According to at least one carol, Christmas is a time of “good cheer”. Some people understand this to mean “good news” of salvation, redemption and a secure afterlife. They insist that the birth of Jesus Christ should be celebrated in ways that focus on that event alone. Whether or not this is the cause of the “good cheer” (or the content of the “glad tidings” in other versions), those singing “We wish you a merry Christmas” go on to ask for “some figgy pudding”. For them and many others, Christmas is a time of feasting and merriment. Gifts are given and received and people gather to eat more than usual. Generosity to less fortunate people is encouraged — just as the carol singers do when they sign “bring us some figgy pudding”. Originally, we’re told, the carol was sung outside wealthier houses by people whose Christmas festivities would have been less merry if they did not gain consumable rewards for their singing of seasonal greetings. A similar tradition may be suggested when the Live Aid charity song asks us to “Let them know it’s Christmas” by giving money for food, medicine and other necessities to those in need.
Christmas feasting, however, can be contentious. It is not only that family gatherings can exacerbate tensions and even animosities. It is not only that gift giving can become competitive or that it can result in disappointment for those who get new mittens instead of a new TV. It is more that some people think that Christmas feasting is a distraction from the “glad tidings” they associate with Jesus’ birth. Some of these people question the association of big meals and glittery decorations with questions of salvation. This is not a new concern. It has vexed some Christian preachers since this midwinter festival was added to Christian calendars sometime in the third or fourth centuries of the Common Era. They have worried that feasting and giving gifts will trap people in materialism and the “desires of the flesh”. Other Christians think that this birthday is an excellent cause for celebration of well-being and communal sharing. So Christmas can cause tensions not only in our ordinary family lives but also in the life of Church communities.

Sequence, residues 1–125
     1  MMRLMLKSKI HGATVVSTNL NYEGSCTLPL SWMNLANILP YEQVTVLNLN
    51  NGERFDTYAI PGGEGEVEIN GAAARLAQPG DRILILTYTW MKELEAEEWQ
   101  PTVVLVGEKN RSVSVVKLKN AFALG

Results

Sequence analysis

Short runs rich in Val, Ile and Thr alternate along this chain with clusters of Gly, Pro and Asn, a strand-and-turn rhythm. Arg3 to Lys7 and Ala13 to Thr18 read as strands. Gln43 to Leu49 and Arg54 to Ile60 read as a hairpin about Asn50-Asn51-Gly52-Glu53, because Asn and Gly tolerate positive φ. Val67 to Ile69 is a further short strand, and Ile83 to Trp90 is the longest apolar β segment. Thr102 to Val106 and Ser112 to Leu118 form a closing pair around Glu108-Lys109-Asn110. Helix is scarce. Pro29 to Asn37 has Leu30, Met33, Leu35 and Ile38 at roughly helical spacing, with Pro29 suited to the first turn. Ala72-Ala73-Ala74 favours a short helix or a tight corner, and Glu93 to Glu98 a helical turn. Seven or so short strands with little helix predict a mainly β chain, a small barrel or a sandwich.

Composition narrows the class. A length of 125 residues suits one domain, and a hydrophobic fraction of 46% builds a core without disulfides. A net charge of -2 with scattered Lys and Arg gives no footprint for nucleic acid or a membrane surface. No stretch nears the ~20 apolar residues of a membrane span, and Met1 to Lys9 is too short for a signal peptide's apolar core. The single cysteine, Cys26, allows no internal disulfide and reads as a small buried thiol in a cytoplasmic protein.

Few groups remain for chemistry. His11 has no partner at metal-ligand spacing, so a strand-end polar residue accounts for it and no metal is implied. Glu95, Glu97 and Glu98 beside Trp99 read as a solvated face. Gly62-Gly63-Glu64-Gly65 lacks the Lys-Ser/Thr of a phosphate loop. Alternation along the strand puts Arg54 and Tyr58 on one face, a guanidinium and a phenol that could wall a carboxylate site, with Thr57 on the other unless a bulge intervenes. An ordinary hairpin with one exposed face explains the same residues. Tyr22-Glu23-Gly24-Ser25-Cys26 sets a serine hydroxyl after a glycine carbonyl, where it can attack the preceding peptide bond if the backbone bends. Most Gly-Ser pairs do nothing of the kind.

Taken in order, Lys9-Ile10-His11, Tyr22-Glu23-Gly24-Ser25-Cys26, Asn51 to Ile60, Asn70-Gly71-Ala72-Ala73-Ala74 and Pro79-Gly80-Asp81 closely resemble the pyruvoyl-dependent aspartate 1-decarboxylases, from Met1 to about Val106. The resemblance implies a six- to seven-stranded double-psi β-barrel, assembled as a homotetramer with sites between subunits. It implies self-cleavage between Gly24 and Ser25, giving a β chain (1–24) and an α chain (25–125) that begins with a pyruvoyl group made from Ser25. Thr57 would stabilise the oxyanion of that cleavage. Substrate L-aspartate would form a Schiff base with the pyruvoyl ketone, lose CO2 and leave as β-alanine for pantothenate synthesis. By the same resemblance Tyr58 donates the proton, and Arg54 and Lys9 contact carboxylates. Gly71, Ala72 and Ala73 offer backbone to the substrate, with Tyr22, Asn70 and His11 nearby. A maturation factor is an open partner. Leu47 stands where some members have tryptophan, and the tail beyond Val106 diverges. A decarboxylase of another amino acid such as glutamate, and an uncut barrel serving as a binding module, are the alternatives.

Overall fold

Let’s go back a bit. Christmas was added to Christian calendars in the third to fourth century. Maybe that seems odd. Christmas was not accepted in many Christian communities for a long time (and is still rejected by some Churches). Part of the reason for this was originally that birthdays were not particularly important events everywhere. Other events in people’s lives were considered more worthy causes of celebration. Also, Christianity typically has much more to do with Jesus’ death than his birth. This generated earlier and larger celebrations and rituals. In fact, when Christians did begin to celebrate Jesus’ birthday, they did not agree on when that should happen. There is nothing in early Christian texts to fix on a date. Eventually, however, other dates were rejected and 25th December was agreed on. Some of the reasons for that choice might explain why we eat big meals at Christmas (whether we are Christians or not).
25th December was chosen as an appropriate day on which to honour the birth of Jesus because it was already a popular festive time. It was part of the celebration of the winter solstice. Too often this is presented negatively. It was not only or primarily that Christian leaders wanted to take-over a popular festival and sanctify it for their own use. 25th December seemed an appropriate date for this birthday for the same reason that it was selected as the birthday of other divine or semi-divine people (Mithras and the Invincible Sun especially). In the middle of winter, around the shortest day and longest night of the year, the sun rises and sets at it most southerly point on the horizon (in the northern hemisphere). On 25th December, the days begin to lengthen. There is going to be more light, more warmth, more liveliness. What better cause could there be for celebration?
With celebrations at midwinter comes hope. We have got so far through the winter, we’ll get through the rest. Spring and summer will come. Let’s feast. Let’s give gifts. Let’s honour our good fortune by sharing what we have. That’s the mood of Christmas cheer and of other mid-winter festivities. It is at least part of why we eat too much at Christmas.